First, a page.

The town formerly consisted chiefly of one street, about a mile long, irregularly built on the side of a hill parallel with the shore, remarkably clean, yet very far from handsome, but since rising into favour as a seaside resort a large number of well-built houses and elegant villas have been erected. As a watering-place it has been rising in importance for some years-its warmth, salubrity, and the equable character of its atmosphere rendering it a very favourite residence for invalids and other visitors. There are a large number of excellent hotels and boarding-houses. The town-hall was built in 1862, and -contains a public hall and the offices of the local board. The Victoria Promenade, situated at the foot of the Capstone Hill, was erected in 1888, and is a large building of iron and glass 200 feet long and 85 wide. The interior contains an orchestra, and is filled with palms and climbing plants. There are several good libraries, institutes, two musical societies, a good social club, science and art classes, and working-men's club. Three places are used as bathing-coves-Wildersmouth, Eaparee, and the Tunnels, and they have a pebbly beach and perfectly clear water, free from silt or sand-in addition to the handsome swimming bath at the Dfracombe Hotel. The parish church stands at the upper extremity of the town, is a very fine old edifice, has a massive square tower rising from the centre of an aisle, has also a large E memorial window put up in 1862; contains an old font, a sarcophagus of Captain Bowen, who fell in the disastrous attack on Teneriffe by Nelson, and several other interesting monuments, and was served by the historian Camden. The church of St Philip and St James was built in 1856, and is both chaste and elegant; in 1876 the church was well restored, and has a peal of six bells. The church abounds with marble, and has one of the most beautiful pulpits in England, built of marble and alabaster in columns, pillars, and arches. Another church, called the Free Church or Christ Church, in Portland Street, is a plain edifice, and was reseated and restored in 1878. A Wesleyan chapel, built in 1864, is in the Decorated English style, of Appledore stone, with dressings of Bath stone. There are also a seamen's chapel, and Roman Catholic, Congregational-ist. Baptist, and Plymouth Brethren chapels. A weekly market is held on Saturday. The harbour is a mixed work of nature and of art, is defended from the sea by a bold mass of rock stretching half-way across the entrance; has a pier, originally built by the Bouchiers, and enlarged at various times to an eventual length of 850 feet, and affords perfect shelter and good anchorage to vessels of 200 tons and upwards; a low-water jetty was constructed in 1873. A lighthouse stands on Lantern Hill 127 feet above sea-level; was originally an ancient chapel frequented by pilgrims; and presents a quaint appearance in its capacity of lighthouse. There is a coastguard station., The manor belonged formerly to the Champernownes, Sir Philip Sidney, the Martyns, the" Audleys, and the Bouchiers, and belongs now to the Wrey family. The parochial living is a vicarage, and the living of St Philip and St James is a vicarage in the diocese of Exeter; gross value of the former, £275 with residence; of the latter, £350 with residence. Patron of the former, the Bishop of Exeter. A section of the parish was assigned in 1859 to the church of St Philip and St James. St Matthew's, Lee, is also an ecclesiastical district.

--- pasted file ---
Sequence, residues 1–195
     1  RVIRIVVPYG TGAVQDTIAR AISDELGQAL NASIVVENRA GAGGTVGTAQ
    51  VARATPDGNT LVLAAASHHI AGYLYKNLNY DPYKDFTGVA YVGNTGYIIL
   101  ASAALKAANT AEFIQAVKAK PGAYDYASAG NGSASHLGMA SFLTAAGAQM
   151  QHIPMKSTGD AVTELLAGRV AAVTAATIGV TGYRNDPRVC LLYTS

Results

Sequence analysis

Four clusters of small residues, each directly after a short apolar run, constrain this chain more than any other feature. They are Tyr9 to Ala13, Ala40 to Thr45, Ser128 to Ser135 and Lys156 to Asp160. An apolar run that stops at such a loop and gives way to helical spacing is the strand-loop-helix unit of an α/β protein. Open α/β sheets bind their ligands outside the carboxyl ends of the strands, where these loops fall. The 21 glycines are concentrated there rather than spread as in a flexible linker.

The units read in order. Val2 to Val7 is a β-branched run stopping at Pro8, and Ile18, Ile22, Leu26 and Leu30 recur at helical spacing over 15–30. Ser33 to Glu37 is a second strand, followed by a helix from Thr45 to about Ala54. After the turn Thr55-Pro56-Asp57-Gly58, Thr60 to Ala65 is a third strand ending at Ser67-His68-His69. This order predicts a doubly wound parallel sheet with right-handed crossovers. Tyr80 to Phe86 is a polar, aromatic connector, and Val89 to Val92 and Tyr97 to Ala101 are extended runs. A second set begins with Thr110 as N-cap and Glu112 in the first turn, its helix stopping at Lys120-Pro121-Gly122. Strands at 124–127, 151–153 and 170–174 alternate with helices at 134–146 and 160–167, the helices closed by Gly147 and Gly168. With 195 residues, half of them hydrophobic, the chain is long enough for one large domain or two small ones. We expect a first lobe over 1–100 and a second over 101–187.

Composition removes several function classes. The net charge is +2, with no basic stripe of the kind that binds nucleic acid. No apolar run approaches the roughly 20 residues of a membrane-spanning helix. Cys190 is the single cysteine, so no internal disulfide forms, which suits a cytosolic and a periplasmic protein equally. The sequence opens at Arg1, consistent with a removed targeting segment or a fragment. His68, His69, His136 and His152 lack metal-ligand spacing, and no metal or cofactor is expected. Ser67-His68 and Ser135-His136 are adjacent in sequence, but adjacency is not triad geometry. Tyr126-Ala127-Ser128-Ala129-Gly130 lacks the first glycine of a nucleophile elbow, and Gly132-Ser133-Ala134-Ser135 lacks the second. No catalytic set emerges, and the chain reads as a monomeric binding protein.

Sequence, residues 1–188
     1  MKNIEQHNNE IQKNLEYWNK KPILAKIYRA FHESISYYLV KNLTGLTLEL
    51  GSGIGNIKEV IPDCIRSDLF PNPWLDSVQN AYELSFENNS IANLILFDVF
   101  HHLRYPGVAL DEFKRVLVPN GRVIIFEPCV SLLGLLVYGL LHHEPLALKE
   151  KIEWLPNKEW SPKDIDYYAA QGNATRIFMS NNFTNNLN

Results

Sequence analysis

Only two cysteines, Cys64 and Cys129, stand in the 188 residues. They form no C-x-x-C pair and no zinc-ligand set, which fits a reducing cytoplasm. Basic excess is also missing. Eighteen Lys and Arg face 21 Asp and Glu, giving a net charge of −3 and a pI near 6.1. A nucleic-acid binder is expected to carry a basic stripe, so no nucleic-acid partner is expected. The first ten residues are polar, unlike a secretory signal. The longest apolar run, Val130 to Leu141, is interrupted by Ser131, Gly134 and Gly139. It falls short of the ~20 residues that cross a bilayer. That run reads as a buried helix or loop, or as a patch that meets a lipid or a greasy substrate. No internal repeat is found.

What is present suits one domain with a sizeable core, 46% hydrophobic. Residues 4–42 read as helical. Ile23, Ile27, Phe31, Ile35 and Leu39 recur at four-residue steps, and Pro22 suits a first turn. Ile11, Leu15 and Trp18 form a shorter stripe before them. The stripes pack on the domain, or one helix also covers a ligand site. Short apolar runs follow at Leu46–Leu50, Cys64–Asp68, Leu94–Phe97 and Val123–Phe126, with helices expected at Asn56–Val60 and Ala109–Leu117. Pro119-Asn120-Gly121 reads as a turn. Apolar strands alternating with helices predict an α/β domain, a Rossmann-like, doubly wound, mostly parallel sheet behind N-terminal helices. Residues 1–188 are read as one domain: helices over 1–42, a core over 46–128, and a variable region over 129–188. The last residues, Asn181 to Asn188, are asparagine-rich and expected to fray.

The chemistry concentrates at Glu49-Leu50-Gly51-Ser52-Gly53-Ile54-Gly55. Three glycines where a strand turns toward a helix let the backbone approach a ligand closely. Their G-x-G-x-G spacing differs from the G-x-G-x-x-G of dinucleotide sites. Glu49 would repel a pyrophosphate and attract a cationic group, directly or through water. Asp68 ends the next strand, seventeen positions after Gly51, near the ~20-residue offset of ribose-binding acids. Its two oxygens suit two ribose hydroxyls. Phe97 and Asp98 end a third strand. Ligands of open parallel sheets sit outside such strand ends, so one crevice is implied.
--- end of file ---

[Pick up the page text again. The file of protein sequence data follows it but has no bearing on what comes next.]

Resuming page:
Transcribed from The Comprehensive Gazetteer of England & Wales, 1894-5


The following is a list of the administrative units in which this place was either wholly or partly included.

Ancient CountyDevon 
Ecclesiastical parishIlfracombe Holy Trinity 
Poor Law unionBarnstaple 

Any dates in this table should be used as a guide only.

Church Records

Findmypast, in association with the South West Heritage Trust, Parochial Church Council, and Devon Family History Society have the Baptisms, Banns, Marriages, and Burials online for Ilfracombe

Directories & Gazetteers

We have transcribed the entry for Ilfracombe from the following:


Online maps of Ilfracombe are available from a number of sites:

Newspapers and Periodicals

The British Newspaper Archive have fully searchable digitised copies of the following newspapers covering Devon online:

Villages, Hamlets, &c

Slade (Ilfracombe)

Visitations Heraldic

The Visitation of the County of Devon in the year 1564, with additions from the earlier visitation of 1531, is online.

The Visitations of the County of Devon, comprising the Heralds' Visitations of 1531, 1564, & 1620, with additions by Lieutant-Colonel J.L. Vivian, published for the author by Henry S. Eland, Exeter 1895 is online.

DistrictNorth Devon
RegionSouth West
Postal districtEX34